I remember many years ago when I was a teenage camp counselor at a YMCA camp up in Reading, MI. After a long hot summer filled with young excited campers, our camp director arranged for us to take a week long canoe trip down the Manistee River in upper Michigan.
It was a great end to the summer. They drove us way upstream and we put in about six days traveling time from where we ended up. We had a good time camping and canoeing, and I learned a lot about both.
It wasn’t that big a stream, certainly not a big river, but there was definitely some current. Since we wanted to go downstream, it was no problem. Just relax and drift while the current pulled us along.
Sure, we had to do a course-correction now and then; a little dipping of the paddle here and there to keep in the middle of the stream. But basically, we paddled just enough to keep things on track.
Now when we had to get to the shore to make a portage around a log jam of downed trees and branches, we had to paddle a little bit more to get over there. Plus it took some work hoisting those canoes up overhead and carrying our gear through the woods on the obviously well-used portage trails. That was pretty hot and sweaty.
Even at the end of the day, though, while it took a bit of work setting up our campsite, it quickly became routine, and we could get it done pretty quickly with little trouble. All and all, it was a fairly easy proposition without much difficulty.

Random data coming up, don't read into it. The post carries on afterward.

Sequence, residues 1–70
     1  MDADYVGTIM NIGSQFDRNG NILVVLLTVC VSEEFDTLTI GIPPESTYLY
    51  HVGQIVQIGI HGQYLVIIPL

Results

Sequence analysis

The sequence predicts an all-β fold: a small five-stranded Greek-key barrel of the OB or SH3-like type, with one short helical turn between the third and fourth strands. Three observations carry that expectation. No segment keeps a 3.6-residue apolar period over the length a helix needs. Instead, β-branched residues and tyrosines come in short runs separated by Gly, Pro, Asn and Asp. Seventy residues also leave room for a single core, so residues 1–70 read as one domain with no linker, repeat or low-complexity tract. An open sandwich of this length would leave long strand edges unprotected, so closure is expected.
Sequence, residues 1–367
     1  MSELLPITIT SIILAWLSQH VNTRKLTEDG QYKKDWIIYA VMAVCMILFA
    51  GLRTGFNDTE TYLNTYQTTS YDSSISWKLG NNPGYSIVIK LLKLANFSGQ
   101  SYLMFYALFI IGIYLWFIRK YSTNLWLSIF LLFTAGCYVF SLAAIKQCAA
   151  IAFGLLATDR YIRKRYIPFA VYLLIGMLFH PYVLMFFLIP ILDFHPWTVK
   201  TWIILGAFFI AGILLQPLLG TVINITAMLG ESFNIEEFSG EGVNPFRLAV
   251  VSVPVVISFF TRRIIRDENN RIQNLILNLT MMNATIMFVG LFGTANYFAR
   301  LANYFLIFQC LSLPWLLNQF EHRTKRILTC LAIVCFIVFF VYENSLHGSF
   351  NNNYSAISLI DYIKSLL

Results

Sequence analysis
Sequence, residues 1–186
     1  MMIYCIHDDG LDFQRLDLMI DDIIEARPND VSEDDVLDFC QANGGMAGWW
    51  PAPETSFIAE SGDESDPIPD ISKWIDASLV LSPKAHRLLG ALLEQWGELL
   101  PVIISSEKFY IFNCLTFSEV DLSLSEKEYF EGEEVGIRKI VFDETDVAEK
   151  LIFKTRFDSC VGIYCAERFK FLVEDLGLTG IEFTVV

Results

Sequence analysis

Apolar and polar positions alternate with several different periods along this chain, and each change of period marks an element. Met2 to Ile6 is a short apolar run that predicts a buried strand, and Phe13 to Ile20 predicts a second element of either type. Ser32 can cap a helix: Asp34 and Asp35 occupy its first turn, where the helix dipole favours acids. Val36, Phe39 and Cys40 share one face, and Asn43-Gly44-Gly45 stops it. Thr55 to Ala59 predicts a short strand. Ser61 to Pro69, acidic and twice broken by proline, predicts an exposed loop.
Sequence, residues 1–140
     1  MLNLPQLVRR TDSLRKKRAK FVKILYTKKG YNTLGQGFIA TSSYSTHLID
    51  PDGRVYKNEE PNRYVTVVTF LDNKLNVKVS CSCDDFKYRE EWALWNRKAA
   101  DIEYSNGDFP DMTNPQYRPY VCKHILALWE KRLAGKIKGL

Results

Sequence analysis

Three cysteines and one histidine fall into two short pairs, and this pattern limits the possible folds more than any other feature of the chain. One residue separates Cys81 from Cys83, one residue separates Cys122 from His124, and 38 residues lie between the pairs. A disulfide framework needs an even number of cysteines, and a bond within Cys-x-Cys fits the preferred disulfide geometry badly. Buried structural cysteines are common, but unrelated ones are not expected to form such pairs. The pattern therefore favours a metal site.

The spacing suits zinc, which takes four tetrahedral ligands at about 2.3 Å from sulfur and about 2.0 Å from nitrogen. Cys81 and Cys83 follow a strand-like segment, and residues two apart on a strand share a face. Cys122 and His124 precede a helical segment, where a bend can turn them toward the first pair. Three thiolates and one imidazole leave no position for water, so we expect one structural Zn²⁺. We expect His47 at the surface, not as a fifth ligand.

But as we got further and further downstream, the current picked up a little, so we traveled faster, with even less effort, except if we wanted to get over to the shore. Once, it got pretty exciting when we went through this small section of falls and rocks.
As we came around a bend, we realized that we were passing our landing site for the night. Tat was interesting. Even though we’d had advance warning that it would take a bit of work to get back over there, it still took us by surprise.
Now we had to paddle back upstream, against the current, which took a lot more work. At times, we seemed almost to be standing still. But little by little, we worked our way back over to the opposite shore, upstream. By the time we got there, we were toast. But the camping that night was awesome. We’d earned it.
I’m sure you’ve heard the saying: “You’re either moving forward or moving backward, but you’re never really just standing still.” Life often pulls us along, but we don’t always like where we’re going. We end up reacting to things as they come along, making course corrections as we have to.
When things go wrong, and they will, it takes a lot more out of you. When you need to dramatically change your direction, you better get paddling.
It’s a lot harder losing weight than maintaining, and it’s much harder gaining strength than losing it. Both take lots of time and work, but you can get there. You’ve just got to be willing to buck the stream!
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